Story and Photos by Libor Pospisil.
UPDATE 6/4/20: Travelers who enter the country, with the exception of EU citizens or arrivals from the UK, will be subject to a compulsory 14-day coronavirus quarantine until at least July 24.
The Loire River passes slowly through Amboise. The old houses, the stony bridge, and, above all, the stunning Renaissance chateau on the cliff create an outrageously harmonic scene. Amboise is one of the small towns in the Loire Valley, the cultural region about three hours south of Paris. It attracts millions of visitors every year for its chateaus, wines, and bike paths. But the bucolic vibe of the Loire Valley, made up of calm waters, mild hills, lush forests, and golden fields, should not deceive our eyes. This is not a provincial outpost. Modern France emerged right here. At the end of the 15th century Paris lacked its current grandeur and the small village of Amboise witnessed more than its fair share of historical events, including royal births, weddings, and deaths. No wonder the Loire Valley was named a UNESCO World Heritage Site.
The Loire Valley, from Nantes to Nevers, is such a long distance that you can easily create a week-long itinerary: filled with chateaus and towns, as well as, leisurely activities. Even if you have just three short days, as I did, you can still leave the bustle of the capital behind and enjoy this piece of la France profonde (the Deep France). I made Amboise, centrally located in the valley, my base, from where I explored other places. But Amboise itself was well worth exploring.
The Boy Who Created France: Wandering the narrow streets of Amboise in the morning light was a delight, but I soon needed a stop for lunch. Pleased to have found a non-English speaking restaurant in a touristy town, I savored the local Terrine de Campagne and Pièce de Boeuf, while reading a book on French history written by Leonie Frieda. Afterward, my steps led inevitably upward, to the Chateau de Amboise.
We do not know how the six-year-old Francis of Angoulême felt as he was climbing (or probably riding) up the same hill toward the chateau in the year 1500. He was sent there by King Louis XII, who resided in the nearby Blois. Louis, a member of a minor branch of the royal dynasty, found himself unexpectedly on the French throne. It seems the previous king was running to watch a game of tennis and died from a severe blow to the head after hitting his head against a lintel in Amboise. The new king had no sons, so even though Francis was just a distant relative, he suddenly became the heir apparent. To properly raise the boy, Luis reserved Amboise for Francis’ use and supplied this large ‘royal nursery’ with esteemed humanist scholars of the era.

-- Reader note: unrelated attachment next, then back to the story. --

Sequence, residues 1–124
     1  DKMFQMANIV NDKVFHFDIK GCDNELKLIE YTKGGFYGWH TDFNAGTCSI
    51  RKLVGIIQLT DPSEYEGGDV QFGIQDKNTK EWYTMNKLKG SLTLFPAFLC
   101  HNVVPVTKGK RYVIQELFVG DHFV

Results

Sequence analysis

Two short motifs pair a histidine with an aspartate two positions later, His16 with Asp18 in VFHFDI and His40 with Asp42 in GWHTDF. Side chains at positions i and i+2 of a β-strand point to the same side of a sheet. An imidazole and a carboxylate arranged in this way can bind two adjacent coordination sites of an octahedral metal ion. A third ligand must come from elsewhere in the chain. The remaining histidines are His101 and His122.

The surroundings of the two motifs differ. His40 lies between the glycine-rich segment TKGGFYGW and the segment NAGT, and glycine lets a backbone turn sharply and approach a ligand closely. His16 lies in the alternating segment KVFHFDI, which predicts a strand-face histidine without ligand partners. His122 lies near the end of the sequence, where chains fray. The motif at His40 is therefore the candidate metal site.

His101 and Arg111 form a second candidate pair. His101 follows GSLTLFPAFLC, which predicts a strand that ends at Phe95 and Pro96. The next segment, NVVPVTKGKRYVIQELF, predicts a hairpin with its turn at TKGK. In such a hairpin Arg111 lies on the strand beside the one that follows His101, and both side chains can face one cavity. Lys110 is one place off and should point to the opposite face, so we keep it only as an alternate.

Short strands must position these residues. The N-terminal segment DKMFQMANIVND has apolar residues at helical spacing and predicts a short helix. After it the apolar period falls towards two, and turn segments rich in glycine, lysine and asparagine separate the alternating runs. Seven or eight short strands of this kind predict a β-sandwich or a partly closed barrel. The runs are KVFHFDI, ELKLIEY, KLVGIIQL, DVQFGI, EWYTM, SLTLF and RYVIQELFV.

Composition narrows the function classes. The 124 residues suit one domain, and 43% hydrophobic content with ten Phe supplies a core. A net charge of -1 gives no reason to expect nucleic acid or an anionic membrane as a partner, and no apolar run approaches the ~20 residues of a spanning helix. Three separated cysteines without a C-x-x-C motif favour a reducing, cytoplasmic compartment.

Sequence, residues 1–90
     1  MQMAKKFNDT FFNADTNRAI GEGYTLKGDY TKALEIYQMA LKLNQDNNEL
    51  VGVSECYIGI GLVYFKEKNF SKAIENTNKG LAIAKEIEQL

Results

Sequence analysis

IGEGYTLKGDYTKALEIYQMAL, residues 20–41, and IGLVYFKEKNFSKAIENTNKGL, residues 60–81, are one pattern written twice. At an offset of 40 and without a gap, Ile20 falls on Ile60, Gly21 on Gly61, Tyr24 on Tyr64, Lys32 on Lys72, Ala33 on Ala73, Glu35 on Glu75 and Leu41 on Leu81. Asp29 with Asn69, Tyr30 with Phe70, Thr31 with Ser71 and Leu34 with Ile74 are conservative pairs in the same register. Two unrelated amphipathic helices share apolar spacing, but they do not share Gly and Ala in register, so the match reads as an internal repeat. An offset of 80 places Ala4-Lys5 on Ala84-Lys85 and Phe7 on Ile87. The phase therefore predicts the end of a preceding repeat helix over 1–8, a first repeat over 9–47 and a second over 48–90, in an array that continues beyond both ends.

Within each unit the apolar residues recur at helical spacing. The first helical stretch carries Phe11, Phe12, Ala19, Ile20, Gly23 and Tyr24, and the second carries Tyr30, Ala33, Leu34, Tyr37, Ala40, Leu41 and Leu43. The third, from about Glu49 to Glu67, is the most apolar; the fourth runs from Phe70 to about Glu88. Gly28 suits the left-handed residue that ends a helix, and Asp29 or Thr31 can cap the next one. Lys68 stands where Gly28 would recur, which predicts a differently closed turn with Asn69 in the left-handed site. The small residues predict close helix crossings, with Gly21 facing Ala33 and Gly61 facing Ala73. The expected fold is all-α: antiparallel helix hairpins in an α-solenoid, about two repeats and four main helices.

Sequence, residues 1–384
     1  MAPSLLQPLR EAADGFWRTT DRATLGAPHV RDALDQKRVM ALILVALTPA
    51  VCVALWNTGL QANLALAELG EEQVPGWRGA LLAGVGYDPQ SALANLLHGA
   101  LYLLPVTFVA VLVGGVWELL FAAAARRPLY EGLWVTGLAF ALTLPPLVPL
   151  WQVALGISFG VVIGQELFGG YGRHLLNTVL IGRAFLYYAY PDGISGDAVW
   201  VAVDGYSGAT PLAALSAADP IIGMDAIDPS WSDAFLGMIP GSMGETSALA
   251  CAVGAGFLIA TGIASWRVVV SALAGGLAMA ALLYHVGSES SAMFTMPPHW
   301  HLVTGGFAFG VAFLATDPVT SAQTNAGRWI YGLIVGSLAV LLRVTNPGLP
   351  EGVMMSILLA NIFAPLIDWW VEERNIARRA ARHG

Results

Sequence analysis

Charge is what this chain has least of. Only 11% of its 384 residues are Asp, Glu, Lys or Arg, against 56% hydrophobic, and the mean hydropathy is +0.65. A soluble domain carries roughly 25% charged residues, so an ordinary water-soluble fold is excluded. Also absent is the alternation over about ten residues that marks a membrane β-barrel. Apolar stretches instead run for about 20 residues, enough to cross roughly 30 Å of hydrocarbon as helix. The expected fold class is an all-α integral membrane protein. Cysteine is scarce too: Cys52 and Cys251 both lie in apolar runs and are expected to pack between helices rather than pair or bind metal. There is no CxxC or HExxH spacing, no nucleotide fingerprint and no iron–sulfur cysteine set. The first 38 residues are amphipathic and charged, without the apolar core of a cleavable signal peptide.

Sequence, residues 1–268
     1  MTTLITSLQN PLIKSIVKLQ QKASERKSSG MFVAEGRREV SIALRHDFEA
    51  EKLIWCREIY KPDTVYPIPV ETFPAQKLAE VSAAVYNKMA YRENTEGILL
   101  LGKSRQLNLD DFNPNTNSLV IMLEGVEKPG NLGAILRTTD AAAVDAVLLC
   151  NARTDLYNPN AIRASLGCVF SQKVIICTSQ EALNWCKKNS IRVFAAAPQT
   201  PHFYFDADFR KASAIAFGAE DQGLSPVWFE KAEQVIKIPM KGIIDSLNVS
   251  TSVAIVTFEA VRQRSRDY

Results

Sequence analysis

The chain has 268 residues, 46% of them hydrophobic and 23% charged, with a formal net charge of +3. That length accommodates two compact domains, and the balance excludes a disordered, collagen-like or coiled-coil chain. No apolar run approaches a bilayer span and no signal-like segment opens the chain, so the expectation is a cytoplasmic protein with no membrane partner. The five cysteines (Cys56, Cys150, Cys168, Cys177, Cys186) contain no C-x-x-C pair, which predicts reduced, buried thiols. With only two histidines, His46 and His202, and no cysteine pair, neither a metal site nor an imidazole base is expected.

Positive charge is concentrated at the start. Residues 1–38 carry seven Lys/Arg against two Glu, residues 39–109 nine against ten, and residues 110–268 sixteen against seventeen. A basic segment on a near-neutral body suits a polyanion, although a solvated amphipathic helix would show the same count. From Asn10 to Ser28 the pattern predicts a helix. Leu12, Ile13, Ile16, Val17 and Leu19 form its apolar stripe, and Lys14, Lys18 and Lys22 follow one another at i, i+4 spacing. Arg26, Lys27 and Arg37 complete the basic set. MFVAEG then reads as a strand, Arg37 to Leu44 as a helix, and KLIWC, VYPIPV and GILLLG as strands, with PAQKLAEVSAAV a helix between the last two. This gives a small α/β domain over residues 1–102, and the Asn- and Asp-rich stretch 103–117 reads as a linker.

The preparation paid off. The pupil of Amboise grew up to be a cultured and vigorous, (some would say too vigorous), man who ruled France for more than thirty years (1515-1547) as Francis I. The reign of Louis and Francis saw the country undergo an extraordinary transformation. What was once a collection of fiefdoms, destroyed by long wars during the mid-15th century, became the large self-confident European power that we know today. This history was neatly summarized in the title of the book which I read over lunch: Francis I: The Maker of Modern France.
In the 15th century France did not really have a capital city. The royal court traveled from place to place, spending a large amount of time in the Loire Valley. Amboise remained one of Francis’ favorite residences, even during his reign – as is readily apparent from his signature coat of arms scattered all around the chateau -in the form of salamander reliefs inserted in walls and above fireplaces. Salamander was used to symbolize resilience and indestructibility, and Francis certainly demonstrated those two traits throughout his life. (He even survived a period of imprisonment by his arch-rival, the Hapsburg Emperor Charles V.)
The King and the Artist: After walking through the rooms and gardens of the grand royal chateau, I stumbled upon what was the main highlight of the site for me. In the inconspicuously small Chapel of St. Hubert I found on the floor of the chapel a tombstone that reads “Leonardo da Vinci.” (The Chapel was King Francis’ own retreat since Hubert was the protector of hunters and Francis enjoyed nothing more than hunting in the Loire Valley.) As I learned, Leonardo da Vinci lived the last years of his life in Amboise. In 1516, King Francis I invited the Italian master to join him in the Loire Valley. Needing a patron, Leonardo agreed despite being sixty-four and partially paralyzed, probably because he reasoned he would not get many more commissions in Rome, where Michelangelo was then in favor.
The king gave Leonardo the nearby Chateau du Clos Lucé for his personal use. Since it lies only few steps away from Chateau de Amboise, I walked there for my next excursion. Clos Lucé looks more like an intimate aristocratic mansion, but all that disappeared when I entered the most extraordinary of its many rooms – Leonardo’s study, the last one where I was able to see his architectural sketches, paintings and scientific tools.